The control system also includes a number of Movicon HMIs or graphical screen which can display pages for every process within the plant, covering critical parameters for quality, hygiene, productivity and maintenance. The HMI screen pages are all divided into two frames, one containing operational statuses, the other containing operational command sequences.
The control system also runs an automatic Clean-In-Place CIP system, which is fully integrated with the production processes and implements cleaning processes without any disassembling of the plant or its parts.
The cleaning system ensures uniform treatment of surfaces that have direct contact with product, while damage to mechanical parts is avoided. Further there is no risk of contamination while the plant is disassembled. The cleaning is scheduled automatically and all cleaning data is stored for traceability. The overall objective is for efficient and effective cleaning and to fully meet the FDA and health and quality standards.
The CIP system uses comprehensive detergent recovery to ensure product quality. The recovered washing liquid is collected so that it can be regenerated and reused, a critical principle for maintaining the highest environmental standards. Again, all data is recorded.
The main control room also accommodates two additional PC stations, which run Windows 7 with Movicon 11 setup in a redundant configuration. Both PCs are constantly updated and each backs up the other, including recording of all data for track and trace requirements. This guarantees maximum availability and continuous 24 hour running of the creamery.
Thanks to the redundancy system, the operating personnel have two workstations. These can be used independently; for instance, an operator may be using the first to monitor a cream collection tank and start a cleaning process, while his colleague checks skimmer operations and prints out a product quality report.
Communication within the control system is based on Movicon S7-TCP communication drivers, which collect and aggregate data in a Real Time Database residing on an MS SQL server.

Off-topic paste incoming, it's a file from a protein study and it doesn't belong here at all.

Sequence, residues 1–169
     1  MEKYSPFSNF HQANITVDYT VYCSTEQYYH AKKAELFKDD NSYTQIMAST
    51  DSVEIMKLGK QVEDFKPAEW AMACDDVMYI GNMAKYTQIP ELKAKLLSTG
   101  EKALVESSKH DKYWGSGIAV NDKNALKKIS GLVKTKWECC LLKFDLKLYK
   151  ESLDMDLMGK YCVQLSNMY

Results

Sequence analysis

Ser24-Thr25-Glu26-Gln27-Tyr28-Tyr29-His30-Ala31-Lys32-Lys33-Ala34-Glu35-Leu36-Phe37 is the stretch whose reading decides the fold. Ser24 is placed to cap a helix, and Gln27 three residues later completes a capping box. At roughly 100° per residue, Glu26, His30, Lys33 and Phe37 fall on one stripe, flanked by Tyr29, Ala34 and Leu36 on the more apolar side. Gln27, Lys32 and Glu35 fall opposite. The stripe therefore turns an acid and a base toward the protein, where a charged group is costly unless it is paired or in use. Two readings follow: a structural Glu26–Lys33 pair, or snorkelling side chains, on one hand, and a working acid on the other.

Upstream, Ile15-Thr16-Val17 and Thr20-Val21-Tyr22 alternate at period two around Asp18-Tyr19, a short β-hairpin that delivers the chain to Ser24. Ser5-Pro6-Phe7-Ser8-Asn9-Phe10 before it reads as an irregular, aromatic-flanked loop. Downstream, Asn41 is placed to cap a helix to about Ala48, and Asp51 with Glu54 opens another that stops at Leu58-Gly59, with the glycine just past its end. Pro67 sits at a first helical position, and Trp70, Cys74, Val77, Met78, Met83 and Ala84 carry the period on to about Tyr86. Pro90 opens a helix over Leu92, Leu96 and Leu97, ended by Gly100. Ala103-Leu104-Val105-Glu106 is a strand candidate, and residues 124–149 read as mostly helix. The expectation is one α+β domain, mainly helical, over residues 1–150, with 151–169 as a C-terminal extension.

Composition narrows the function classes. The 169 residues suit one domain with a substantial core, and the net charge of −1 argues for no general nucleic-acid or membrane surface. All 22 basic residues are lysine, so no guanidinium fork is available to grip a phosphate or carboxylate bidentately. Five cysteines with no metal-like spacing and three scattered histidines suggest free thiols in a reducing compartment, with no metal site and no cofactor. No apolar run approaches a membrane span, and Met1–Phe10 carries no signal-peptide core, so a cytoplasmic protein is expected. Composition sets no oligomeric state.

The production process is managed visually on the HMIs, from where instructions can also be sent. These instructions are collected on the database, no matter which HMI the come from.
A predictive alarm management programme follows trends within the accumulating data to pre-empt malfunctions and provide step-by-step guidance on appropriate corrective/maintenance procedures.
The system runs the plant in compliance to the FDA CFR21 part 11 regulations. These are normally associated with pharmaceuticals production, but are also used for high quality food operations. They are designed to control access to plant and product to authorised personnel only.
Movicon has a simple but very sophisticated user and command access management system explicitly designed to support the CFR21 Part 11 regulations. In addition to all the requirements defined by the user privileges (area and access level), the system manages ‘electronic signatures’ in reports and for historical data. This way, each significant action executed in the plant, such as commands or target parameter modifications can be traced back to an individual person. Audits are recorded in the database with encrypted access and can be documented appropriately in reports.
The creamery continued to run throughout the whole installation process, which was completed quickly and efficiently thanks to the I.T. Technologies technicians’ vast experience and the rapid design and configuration ability of the Movicon platform.
Parmareggio has achieved its target productivity rate and is set to maintain strong growth well into the future.